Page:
This week, Eric returns to writing about his insulin pump. In his next three or four entries, he plans to take you through his morning with the insulin pump. Or, as he says, he’ll lead you on a roundabout journey with him as he wakes up and goes about getting ready to change his infusion set. Eric can often find it difficult to be succinct when writing about his insulin pump, so sit back and enjoy the narrative of Eric and Pump.
It’s 7:30 in the morning. The alarm wakes me, and although I hear only a few seconds of whatever news story NPR leads with on the half hour, the sentence or two before I turn the alarm off sticks in my head and follows me downstairs.
I have a choice to make: pee or check blood glucose. The bladder is often the arbiter here, but this morning there’s no imperative to hit the restroom first, so I go into the kitchen to my monitoring kit. On the counter next to the stove is the kit’s home. I know where the kit is at all times—if I need to check my blood glucose in the middle of the night, the range’s dim night-light casts enough glow to make it easy to go through the blood-glucose–checking steps without overhead light.
When I sleep, I wear a pair of lightweight hiking shorts with zippered pockets. Occasionally, I return the pump to a pocket and forget to zip it shut. I’m one of those people who tosses and turns throughout the night, so 9 times out of 10, when my pocket is unzipped, the pump falls out. And almost always I fail to realize I’ve been separated from the pump until I’m about two feet from the bed. My reminder: when the inch-diameter site connector tugs at my abdomen then removes itself and the adhesive dressing either partially or—and I remember this happening twice—completely from my body. Not any huge distraction, however; I’m left with one more morning chore of attaching a new infusion set after I shower and before I leave for work.
I’ve found that an insulin pump is way more durable than I initially thought. Kid gloves the first few times I changed my site; I worried about screwing up inserting the needle/cannula, filling the reservoir with insulin, attaching the site to the wrong place. My pump, however, has proven to be a workhorse. Therefore, on those mornings when the pump has tried to get away in the night, the infusion site’s got a good hold and the strong surgical tubing—the liason between me and the actual pump—stretches first, then retracts, pulling the pump toward me. It’s unfortunate when this happens, because I always realize too late what I’ve done, turning back to the bed just in time to see the pump slide from behind a pillow or out from under a sheet and whip at my legs. I try to dive back, try to cut the taut tubing some slack and impede its progress out of the bed, but the vicious little thing is headed toward me, assaulting my legs, my knees, hitting me in the ankle.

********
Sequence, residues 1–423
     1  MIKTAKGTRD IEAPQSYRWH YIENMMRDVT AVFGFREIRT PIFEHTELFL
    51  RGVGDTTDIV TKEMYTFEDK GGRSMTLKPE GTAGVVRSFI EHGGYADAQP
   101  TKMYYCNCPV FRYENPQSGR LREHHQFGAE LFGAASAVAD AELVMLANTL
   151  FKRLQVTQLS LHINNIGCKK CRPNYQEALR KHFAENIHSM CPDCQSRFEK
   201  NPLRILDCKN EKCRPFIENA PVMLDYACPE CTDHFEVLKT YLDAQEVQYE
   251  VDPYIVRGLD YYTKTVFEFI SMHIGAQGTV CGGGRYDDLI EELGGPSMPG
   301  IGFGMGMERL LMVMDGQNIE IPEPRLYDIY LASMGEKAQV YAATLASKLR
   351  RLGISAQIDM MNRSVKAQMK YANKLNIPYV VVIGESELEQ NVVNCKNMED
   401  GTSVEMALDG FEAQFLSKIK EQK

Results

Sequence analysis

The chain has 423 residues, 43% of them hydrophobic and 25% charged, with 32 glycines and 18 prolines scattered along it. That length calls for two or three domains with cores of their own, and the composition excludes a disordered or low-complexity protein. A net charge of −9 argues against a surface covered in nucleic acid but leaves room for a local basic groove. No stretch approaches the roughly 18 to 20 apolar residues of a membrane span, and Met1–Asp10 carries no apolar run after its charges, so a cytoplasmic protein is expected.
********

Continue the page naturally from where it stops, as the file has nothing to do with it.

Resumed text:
This morning, however, my pocket is zipped.
In the evenings, before I crawl into bed, I first wrap the extra 18 inches or so of surgical tubing around the pump itself. This is habit; I can’t find anything better to do with the excess tubing. The excess surgical-tube pump-wrapping—hog-tying the pump, if you will—never holds. The tubing twists as the pump moves one way while the tubing goes another in my pocket any number of times during the night. Therefore, when I remove the pump from my pocket in the morning, the tubing is tangled in much the same annoying way as the orange extension cord hanging in the garage.
To untangle it, I pull the pump out away from my body, lower it from its cord, then allow it to hang freely for a moment as it untwirls its twists and kinks. Those of you who grew up with the spring-loaded curly telephone cords that never straightened out only have to remember dangling the receiver by the cord to understand.
Next week, Eric will continue with his site-change diary.